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Datasets with PANGAEA technical keyword @GROWTH

Mostrando recursos 1 - 20 de 224

  1. Comparative responses of two dominant Antarctic phytoplankton taxa to interactions between ocean acidification, warming, irradiance, and iron availability

    Xu, Kai; Fu, Feixue; Hutchins, David A
    We investigated the responses of the ecologically dominant Antarctic phytoplankton species Phaeocystis antarctica (a prymnesiophyte) and Fragilariopsis cylindrus (a diatom) to a clustered matrix of three global change variables (CO2, mixed-layer depth, and temperature) under both iron (Fe)-replete and Fe-limited conditions based roughly on the Intergovernmental Panel on Climate Change (IPCC) A2 scenario: (1) Current conditions, 39 Pa (380 ppmv) CO2, 50 µmol photons/m**2/s light, and 2°C; (2) Year 2060, 61 Pa (600 ppmv) CO2, 100 µmol photons/m**2/s light, and 4°C; (3) Year 2100, 81 Pa (800 ppmv) CO2, 150 µmol photons/m**2/s light, and 6°C. The combined interactive effects of...

  2. Offspring sensitivity to ocean acidification changes seasonally in a coastal marine fish

    Murray, Christopher S; Malvezzi, Alex; Gobler, Christopher J; Baumann, Hannes
    Experimental assessments of species vulnerabilities to ocean acidification are rapidly increasing in number, yet the potential for short- and long-term adaptation to high CO2 by contemporary marine organisms remains poorly understood. We used a novel experimental approach that combined bi-weekly sampling of a wild, spawning fish population (Atlantic silverside Menidia menidia) with standardized offspring CO2 exposure experiments and parallel pH monitoring of a coastal ecosystem. We assessed whether offspring produced at different times of the spawning season (April to July) would be similarly susceptible to elevated (1100 µatm, pHNIST = 7.77) and high CO2 levels (2300 µatm, pHNIST = 7.47)....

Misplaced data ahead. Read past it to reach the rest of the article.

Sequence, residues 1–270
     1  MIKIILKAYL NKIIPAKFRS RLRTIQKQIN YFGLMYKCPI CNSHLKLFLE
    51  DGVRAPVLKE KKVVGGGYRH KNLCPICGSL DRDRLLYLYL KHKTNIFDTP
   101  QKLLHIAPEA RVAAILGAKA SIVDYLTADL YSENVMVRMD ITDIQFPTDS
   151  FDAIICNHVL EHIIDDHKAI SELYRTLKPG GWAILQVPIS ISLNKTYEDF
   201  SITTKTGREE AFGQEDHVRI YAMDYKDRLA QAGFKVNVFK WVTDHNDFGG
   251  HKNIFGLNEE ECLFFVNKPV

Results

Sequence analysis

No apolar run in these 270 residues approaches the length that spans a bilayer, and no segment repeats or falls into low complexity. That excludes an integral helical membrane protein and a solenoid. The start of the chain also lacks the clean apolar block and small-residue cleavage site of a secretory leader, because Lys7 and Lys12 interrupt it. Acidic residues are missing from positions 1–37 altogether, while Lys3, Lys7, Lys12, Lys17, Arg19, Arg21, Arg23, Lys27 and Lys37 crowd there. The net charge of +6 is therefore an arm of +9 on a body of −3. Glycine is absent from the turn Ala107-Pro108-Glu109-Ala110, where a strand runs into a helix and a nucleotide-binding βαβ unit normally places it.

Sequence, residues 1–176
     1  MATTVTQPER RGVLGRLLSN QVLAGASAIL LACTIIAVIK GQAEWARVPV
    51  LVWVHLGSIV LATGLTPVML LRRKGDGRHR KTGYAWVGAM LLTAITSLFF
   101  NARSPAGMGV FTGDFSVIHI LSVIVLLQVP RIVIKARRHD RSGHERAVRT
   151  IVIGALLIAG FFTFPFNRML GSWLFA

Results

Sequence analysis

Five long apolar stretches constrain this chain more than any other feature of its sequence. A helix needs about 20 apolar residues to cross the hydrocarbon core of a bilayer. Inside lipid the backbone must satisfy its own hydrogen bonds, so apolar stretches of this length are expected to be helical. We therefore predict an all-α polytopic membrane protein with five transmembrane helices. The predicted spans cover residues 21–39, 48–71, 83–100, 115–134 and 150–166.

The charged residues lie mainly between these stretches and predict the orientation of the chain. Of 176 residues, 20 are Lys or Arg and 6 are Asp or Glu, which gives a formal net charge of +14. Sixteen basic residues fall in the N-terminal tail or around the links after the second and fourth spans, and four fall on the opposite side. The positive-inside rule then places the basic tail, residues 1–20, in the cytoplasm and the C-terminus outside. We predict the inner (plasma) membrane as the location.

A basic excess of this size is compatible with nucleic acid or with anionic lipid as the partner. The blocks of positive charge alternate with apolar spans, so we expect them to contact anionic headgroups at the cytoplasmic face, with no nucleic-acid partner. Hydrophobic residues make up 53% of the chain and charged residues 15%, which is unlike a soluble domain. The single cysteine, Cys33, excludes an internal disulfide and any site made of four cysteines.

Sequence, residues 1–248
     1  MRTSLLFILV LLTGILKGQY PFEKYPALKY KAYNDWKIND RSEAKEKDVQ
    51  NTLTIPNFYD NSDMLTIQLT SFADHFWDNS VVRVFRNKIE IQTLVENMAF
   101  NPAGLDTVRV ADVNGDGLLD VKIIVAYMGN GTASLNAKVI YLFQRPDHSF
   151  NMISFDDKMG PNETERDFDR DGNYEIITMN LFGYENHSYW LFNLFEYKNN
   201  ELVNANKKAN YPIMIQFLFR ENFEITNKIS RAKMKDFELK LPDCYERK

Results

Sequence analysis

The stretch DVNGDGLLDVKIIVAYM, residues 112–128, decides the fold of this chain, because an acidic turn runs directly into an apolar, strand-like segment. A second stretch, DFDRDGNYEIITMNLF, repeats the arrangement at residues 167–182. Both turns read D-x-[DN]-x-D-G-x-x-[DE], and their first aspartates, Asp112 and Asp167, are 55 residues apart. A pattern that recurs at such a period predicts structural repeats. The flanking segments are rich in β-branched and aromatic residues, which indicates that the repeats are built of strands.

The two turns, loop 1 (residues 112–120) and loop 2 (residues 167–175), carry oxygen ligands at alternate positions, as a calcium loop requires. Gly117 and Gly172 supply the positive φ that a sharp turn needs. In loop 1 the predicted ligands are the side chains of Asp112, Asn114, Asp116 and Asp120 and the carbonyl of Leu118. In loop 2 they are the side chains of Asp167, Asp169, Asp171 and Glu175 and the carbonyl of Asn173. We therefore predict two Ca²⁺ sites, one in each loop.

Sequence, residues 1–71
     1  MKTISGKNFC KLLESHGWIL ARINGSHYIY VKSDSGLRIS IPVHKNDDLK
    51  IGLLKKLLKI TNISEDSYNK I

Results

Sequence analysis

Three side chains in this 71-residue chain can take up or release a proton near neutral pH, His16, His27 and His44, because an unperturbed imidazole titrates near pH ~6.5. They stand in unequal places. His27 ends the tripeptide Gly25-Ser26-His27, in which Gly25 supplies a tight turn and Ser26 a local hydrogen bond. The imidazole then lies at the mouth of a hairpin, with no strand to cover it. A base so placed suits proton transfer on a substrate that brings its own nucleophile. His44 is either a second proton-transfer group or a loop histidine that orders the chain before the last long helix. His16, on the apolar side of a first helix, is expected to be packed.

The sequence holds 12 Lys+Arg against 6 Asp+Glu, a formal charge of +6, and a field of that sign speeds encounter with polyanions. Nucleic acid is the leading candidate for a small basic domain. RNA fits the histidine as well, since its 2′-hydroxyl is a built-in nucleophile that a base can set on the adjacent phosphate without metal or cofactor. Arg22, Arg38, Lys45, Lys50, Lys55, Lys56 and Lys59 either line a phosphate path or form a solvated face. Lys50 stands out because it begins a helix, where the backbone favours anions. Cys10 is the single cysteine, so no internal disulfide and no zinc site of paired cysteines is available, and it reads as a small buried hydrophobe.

3. Adaptation of a globally important coccolithophore to ocean warming and acidification

    Schlüter, Lothar; Lohbeck, Kai T; Gutowska, Magdalena A; Gröger, Joachim P; Riebesell, Ulf; Reusch, Thorsten B H

  4. Light-modulated responses of growth and photosynthetic performance to ocean acidification in the model diatom Phaeodactylum tricornutum

    Li, Yahe; Xu, Juntian; Gao, Kunshan
    Ocean acidification (OA) due to atmospheric CO2 rise is expected to influence marine primary productivity. In order to investigate the interactive effects of OA and light changes on diatoms, we grew Phaeodactylum tricornutum, under ambient (390 ppmv; LC) and elevated CO2 (1000 ppmv; HC) conditions for 80 generations, and measured its physiological performance under different light levels (60 µmol/m**2/s, LL; 200 µmol/m**2/s, ML; 460 µmol/m**2/s, HL) for another 25 generations. The specific growth rate of the HC-grown cells was higher (about 12-18%) than that of the LC-grown ones, with the highest under the ML level. With increasing light levels, the...